MINNEAPOLIS (KMSP) - Her death sparked major safety improvements on Minnesota’s deadliest highway. Yet, the loss of 25-year-old Chelsea Langhans, of Maple Plain, Minn. is one her family will be forced to grapple with for years to come.
“Some days it feels like it was just yesterday,” Chelsea’s younger sister, Tori, said.
Chelsea was killed August 22, 2015 when a driver crossed the Highway 12 centerline, separated only by rumble strips, and struck her head on.
On Sunday afternoon, one day shy of the anniversary of Chelsea’s death, friends and family gathered at Father Hennepin Bluff Park in Minneapolis to remember her.
In front of the park’s pavilion, Chelsea’s cousin, Kelsey, led the group through a series of yoga poses.
“Harry Potter, yoga, friends and family are basically Chelsea’s favorite words,” Tori said.
That is why it was only fitting for all who loved Chelsea to partake in her favorite practice ahead the dedication ceremony.
“This park specifically has a special meaning for Chel,” Chelsea’s older sister, Liz Squires, said to the crowd of about a hundred friends and family.
“She used to love taking runs from campus across the Stone Arch Bridge,” Squires recalled. “She just loved the view.”
Chelsea even had the route she often jogged during her time at the University of Minnesota mapped out for her sisters. Many mornings she sent her family pictures of her view across the Stone Arch Bridge.
At the memorial, Squires announced the park’s latest additions.
With donations from family and friends, Minneapolis Parks and Recreation dedicated two refurbished benches and planted a young Espresso Kentucky Coffee tree in Chelsea’s honor inside Father Hennepin Bluff Park. The fixtures allow Chelsea’s memory to remain in one of her favorite places for many years to come.
During the dedication ceremony, a family friend sung some of Chelsea’s favorite Taylor Swift songs, as those who love her shed tears and shared hugs in front of her new benches.
Each bench has a plaque with loving words for Chelsea.
“Taken from us to soon, you are dearly loved and greatly missed. Until we meet again dear, Chelsea, Namaste,” was among the sentiments.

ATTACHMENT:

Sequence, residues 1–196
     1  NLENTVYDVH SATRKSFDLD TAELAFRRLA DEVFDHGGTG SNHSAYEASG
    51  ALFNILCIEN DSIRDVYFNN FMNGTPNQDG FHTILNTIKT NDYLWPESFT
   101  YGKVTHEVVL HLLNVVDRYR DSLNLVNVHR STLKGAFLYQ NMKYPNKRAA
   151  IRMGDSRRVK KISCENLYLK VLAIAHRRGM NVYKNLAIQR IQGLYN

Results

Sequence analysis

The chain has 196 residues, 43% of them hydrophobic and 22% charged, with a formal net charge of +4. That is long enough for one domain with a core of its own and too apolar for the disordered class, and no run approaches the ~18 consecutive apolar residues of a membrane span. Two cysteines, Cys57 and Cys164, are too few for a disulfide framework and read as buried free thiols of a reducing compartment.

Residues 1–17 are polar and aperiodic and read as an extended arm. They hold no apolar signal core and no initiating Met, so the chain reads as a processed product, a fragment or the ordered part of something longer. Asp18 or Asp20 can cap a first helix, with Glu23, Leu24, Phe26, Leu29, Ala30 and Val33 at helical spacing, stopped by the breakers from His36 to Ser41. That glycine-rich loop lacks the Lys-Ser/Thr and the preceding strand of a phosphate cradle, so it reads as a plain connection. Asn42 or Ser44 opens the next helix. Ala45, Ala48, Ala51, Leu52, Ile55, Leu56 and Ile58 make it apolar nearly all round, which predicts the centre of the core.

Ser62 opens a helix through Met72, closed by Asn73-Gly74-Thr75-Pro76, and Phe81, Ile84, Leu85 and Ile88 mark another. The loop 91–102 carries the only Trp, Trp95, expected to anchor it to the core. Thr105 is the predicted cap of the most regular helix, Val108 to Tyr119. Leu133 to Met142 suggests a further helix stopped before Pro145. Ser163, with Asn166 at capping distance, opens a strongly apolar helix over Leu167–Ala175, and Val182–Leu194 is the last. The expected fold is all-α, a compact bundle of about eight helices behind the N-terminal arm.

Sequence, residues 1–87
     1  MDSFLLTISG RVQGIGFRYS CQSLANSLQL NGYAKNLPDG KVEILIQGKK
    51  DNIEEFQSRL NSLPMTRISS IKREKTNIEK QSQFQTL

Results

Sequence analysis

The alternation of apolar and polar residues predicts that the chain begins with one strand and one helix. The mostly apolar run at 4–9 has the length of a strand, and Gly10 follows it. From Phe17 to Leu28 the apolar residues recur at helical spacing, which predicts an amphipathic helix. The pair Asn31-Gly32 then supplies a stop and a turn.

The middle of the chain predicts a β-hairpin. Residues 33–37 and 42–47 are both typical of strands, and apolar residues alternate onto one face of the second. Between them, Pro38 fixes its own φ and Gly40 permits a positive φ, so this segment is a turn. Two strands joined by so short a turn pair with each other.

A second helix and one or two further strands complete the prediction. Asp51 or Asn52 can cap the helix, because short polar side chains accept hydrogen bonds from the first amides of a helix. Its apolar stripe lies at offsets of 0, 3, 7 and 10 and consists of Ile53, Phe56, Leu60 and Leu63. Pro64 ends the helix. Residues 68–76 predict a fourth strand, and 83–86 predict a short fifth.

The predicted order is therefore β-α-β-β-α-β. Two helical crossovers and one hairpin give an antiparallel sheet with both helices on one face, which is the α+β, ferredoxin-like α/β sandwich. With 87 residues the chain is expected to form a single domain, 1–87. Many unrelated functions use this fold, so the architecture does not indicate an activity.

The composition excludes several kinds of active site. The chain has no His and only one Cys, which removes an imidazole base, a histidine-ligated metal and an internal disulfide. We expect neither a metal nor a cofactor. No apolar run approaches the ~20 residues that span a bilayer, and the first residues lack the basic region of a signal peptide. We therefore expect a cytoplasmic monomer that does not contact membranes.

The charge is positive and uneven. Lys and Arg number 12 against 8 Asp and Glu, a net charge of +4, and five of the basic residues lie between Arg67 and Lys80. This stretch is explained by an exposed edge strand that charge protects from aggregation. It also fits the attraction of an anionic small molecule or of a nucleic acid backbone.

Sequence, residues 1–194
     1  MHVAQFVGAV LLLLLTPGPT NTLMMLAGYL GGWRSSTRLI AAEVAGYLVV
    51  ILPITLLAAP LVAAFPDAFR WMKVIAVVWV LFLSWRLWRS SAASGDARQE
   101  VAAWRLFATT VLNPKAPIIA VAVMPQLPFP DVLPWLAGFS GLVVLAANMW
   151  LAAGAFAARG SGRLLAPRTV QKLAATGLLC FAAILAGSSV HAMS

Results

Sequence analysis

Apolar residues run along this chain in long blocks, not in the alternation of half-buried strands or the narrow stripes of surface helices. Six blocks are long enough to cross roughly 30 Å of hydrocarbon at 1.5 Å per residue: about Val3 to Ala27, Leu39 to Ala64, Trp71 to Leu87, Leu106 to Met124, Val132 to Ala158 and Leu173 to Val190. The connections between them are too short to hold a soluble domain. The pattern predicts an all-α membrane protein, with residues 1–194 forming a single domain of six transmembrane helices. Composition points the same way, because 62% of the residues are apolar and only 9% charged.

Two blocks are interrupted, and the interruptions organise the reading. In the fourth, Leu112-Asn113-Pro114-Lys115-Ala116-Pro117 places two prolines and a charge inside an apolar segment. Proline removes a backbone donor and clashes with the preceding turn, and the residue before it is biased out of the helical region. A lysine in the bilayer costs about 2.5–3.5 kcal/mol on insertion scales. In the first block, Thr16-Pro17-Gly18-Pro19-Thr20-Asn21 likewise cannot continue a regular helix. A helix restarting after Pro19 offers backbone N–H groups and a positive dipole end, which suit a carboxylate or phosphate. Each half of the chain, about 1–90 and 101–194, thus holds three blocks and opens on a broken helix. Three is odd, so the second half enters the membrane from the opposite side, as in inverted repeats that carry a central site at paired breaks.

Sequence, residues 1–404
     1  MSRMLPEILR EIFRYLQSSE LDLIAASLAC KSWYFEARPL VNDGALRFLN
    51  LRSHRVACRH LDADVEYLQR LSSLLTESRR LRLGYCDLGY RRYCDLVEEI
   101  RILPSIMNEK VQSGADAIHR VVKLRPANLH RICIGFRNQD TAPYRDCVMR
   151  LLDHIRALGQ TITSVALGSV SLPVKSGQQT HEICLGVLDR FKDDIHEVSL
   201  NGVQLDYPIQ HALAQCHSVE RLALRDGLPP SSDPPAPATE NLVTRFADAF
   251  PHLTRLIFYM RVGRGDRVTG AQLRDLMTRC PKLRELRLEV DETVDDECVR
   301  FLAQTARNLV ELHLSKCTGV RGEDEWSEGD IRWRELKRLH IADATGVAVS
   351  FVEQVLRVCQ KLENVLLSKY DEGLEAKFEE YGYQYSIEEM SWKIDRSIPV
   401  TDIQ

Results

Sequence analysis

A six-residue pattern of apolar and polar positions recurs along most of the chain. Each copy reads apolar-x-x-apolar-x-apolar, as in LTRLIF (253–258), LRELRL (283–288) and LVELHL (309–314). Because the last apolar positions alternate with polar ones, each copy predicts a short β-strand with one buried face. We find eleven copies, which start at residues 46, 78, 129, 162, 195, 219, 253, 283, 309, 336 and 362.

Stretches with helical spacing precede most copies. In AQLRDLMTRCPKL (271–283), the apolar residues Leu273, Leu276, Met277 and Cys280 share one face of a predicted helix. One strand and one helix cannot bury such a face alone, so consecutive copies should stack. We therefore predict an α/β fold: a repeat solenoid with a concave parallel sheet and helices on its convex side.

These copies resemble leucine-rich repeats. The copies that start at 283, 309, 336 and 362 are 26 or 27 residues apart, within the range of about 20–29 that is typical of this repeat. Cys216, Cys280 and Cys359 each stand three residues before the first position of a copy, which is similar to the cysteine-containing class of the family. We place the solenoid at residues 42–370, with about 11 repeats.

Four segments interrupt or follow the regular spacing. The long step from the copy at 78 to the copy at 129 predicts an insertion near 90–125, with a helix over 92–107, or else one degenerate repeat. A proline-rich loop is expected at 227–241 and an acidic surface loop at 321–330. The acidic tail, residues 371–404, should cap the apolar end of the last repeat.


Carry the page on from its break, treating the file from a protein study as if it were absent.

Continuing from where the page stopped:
“It just goes to show you how loved Chelsea was,” Squires said.
“It’s been hard to believe we’ve been able to survive a year without Chelsea,” she said.
Squire and the Langhans have led the Highway 12 safety movement and have pushed for improvements now underway along the 10-mile stretch of the highway. The repairs include a barrier along the median, a roundabout and better turn lanes at the highway’s intersections.
“[It’s] still hard to drive down the road every day but with the changes it will be better,” Tori told Fox 9.
West Hennepin Public Safety Chief Gary Kroells says over the past five years there have been more than 850 crashes and 24 deaths on Highway 12.
The astonishing numbers are why some hope the highway’s current construction projects are just the beginning.
“A year later it’s still really hard,” Chelsea’s mother, Tina, said.
“The [repairs] are kind of a Band-Aid I think for now, but it’s going to get us through. It’s going to help us get through the deaths going higher on that road for the intersections.”
While grateful for the current Minnesota Department of Transportation-funded projects, the Langhans find it disconcerting lawmakers failed to pass a transportation bonding bill that would’ve funded long-term solutions along Highway 12 –including its total realignment.
“We’re very disappointed on the bonding bill that there was no special session called …because our road does need to be fixed,” Tina said.
Current construction on Highway 12 will extend into early November.